Thursday, August 4, 2011

New Giant Air Freight Carrier Passes Every Safety Test

First Orders Scheduled for Delivery on Time
Shipping News Feature

US – The continuing story of the development of Boeing’s new 747-8 Freighter aircraft took a major step forward this week with the successful landing at Paine Field in Everett, Washington of two of the aircraft following completion of the planes’ certification flight test program. Flight test airplane RC522 completed testing of the flight management computer and RC523 completed function & reliability testing, meaning the first of the giant cargo carriers is on schedule for its delivery to specialist freight airline Cargolux in September, after certification from the U.S. Federal Aviation Administration (FAA).

The 747-8 Freighter has flown more than 1,200 flights and 3,400 hours since its first flight Feb. 8, 2010. During that time, the five-airplane test fleet was used to gather data for more than 1,700 FAA certification requirements. Boeing tested the capabilities of these airplanes far beyond what they are expected to encounter in normal service. Tests concluded with F&R testing, a final phase in which an airplane must accrue 300 FAA-approved flight hours in its final delivery configuration.

Tests included dragging the airplane's tail on a runway to test its takeoff performance, throwing it into stalls to see how it would handle such an emergency, slamming on the brakes while travelling at over 200 miles per hour to simulate the ultimate rejected takeoff and pushing the jet to almost the speed of sound.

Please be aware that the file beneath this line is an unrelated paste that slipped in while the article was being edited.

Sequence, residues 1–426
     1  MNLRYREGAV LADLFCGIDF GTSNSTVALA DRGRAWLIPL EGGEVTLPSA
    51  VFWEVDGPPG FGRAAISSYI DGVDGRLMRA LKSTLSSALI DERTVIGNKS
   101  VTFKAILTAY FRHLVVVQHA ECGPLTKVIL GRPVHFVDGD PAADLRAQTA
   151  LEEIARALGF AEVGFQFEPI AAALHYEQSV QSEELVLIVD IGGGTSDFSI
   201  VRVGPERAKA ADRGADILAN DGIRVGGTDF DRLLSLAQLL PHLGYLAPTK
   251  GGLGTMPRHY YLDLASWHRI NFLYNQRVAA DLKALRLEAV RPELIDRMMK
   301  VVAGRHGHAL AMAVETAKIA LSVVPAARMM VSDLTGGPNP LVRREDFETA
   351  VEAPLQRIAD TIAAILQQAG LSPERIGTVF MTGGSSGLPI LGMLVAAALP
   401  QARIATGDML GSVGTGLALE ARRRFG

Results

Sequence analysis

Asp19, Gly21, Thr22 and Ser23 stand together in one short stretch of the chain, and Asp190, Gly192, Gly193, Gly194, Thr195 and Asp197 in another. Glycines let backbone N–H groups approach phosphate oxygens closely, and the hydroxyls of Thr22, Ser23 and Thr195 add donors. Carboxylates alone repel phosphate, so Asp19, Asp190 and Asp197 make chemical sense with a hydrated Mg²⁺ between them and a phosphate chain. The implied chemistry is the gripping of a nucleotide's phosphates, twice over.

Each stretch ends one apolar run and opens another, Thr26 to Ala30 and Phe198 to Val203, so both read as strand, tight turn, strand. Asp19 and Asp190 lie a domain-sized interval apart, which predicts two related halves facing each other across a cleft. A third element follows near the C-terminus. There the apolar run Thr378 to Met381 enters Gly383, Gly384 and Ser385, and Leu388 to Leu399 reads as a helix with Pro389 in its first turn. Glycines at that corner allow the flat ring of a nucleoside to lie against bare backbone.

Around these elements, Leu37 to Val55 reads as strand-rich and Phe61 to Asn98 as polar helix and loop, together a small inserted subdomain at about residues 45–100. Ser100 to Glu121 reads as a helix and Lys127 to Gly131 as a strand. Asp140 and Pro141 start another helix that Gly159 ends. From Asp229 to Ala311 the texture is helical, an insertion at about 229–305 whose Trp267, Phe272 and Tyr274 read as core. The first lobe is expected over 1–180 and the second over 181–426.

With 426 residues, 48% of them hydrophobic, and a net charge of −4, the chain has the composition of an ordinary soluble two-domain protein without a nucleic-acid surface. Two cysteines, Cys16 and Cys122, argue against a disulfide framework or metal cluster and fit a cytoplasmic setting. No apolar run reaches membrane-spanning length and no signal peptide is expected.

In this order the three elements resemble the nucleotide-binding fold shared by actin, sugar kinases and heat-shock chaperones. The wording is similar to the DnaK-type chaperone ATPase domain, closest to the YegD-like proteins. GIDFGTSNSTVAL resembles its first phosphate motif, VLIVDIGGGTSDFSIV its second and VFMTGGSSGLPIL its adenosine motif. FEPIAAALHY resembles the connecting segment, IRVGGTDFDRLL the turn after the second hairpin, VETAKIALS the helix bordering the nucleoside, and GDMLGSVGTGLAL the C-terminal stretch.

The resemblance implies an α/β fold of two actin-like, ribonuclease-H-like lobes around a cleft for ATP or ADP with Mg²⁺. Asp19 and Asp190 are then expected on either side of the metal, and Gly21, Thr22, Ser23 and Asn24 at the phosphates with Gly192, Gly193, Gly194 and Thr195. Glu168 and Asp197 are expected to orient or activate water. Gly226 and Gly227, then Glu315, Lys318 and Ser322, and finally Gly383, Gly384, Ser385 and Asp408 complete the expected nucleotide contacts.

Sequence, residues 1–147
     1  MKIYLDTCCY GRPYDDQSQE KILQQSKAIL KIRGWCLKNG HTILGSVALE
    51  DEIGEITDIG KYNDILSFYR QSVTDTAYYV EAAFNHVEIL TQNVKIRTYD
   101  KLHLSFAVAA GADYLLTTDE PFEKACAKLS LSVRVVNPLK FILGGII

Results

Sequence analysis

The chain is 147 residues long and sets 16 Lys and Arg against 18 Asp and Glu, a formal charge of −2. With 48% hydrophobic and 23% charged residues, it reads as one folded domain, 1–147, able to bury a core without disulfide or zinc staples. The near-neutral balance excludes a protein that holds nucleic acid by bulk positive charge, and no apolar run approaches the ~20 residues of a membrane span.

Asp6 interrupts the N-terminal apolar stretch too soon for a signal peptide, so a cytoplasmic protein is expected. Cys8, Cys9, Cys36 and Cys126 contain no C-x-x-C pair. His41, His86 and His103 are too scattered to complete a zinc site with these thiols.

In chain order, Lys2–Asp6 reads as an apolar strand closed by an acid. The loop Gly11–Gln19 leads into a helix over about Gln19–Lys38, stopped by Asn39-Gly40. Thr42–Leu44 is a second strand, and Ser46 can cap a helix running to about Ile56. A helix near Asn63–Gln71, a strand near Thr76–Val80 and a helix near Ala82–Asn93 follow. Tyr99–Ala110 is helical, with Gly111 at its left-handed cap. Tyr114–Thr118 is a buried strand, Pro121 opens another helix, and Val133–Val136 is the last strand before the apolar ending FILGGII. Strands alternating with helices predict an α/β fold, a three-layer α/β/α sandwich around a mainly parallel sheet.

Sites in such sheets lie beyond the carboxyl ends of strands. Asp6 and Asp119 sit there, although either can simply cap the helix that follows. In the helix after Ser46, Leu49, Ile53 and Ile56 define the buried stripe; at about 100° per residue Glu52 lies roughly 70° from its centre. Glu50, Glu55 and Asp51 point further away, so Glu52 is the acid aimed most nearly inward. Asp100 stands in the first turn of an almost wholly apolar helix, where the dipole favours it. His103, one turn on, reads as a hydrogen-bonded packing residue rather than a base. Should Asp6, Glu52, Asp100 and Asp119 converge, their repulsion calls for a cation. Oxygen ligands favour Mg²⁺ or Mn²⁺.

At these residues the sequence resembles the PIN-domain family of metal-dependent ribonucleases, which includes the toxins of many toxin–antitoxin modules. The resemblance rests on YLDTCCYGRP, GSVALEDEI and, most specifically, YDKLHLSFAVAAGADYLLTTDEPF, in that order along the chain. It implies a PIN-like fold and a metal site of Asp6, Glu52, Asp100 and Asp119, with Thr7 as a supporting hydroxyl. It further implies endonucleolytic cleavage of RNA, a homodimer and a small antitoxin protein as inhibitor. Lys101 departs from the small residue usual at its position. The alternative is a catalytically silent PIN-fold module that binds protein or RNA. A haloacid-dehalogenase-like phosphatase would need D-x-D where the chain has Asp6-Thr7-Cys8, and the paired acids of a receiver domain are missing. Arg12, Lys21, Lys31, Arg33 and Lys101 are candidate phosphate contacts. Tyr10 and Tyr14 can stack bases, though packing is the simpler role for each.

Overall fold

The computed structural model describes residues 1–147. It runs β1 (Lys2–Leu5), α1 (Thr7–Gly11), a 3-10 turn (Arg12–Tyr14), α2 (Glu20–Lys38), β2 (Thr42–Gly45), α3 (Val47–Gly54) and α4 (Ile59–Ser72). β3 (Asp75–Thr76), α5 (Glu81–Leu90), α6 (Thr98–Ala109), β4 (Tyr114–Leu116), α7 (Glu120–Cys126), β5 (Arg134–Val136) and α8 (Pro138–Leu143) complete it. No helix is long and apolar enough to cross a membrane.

The 747-8 Freighter is the new high-capacity 747 which Boeing is confident will give cargo operators the lowest operating costs and best economics of any freighter airplane while providing enhanced environmental performance. It is 18 feet and 4 inches (5.6 m) longer than the 747-400 Freighter and this extra length provides customers with 16 percent more revenue cargo volume compared to its predecessor. That translates to four additional main-deck pallets and three additional lower-hold pallets. The 747-8 Freighters will be powered with GE's GEnx-2B engines. 747 Chief Pilot Mark Feuerstein said after the trials:

"My team and I had the pleasure of spending hundreds of hours in these airplanes. We can truly say this airplane is a joy to fly, and our customers are going to love it. It flies like a 747, but one from the 21st century."

You can see a video of the 747-8 in action HERE.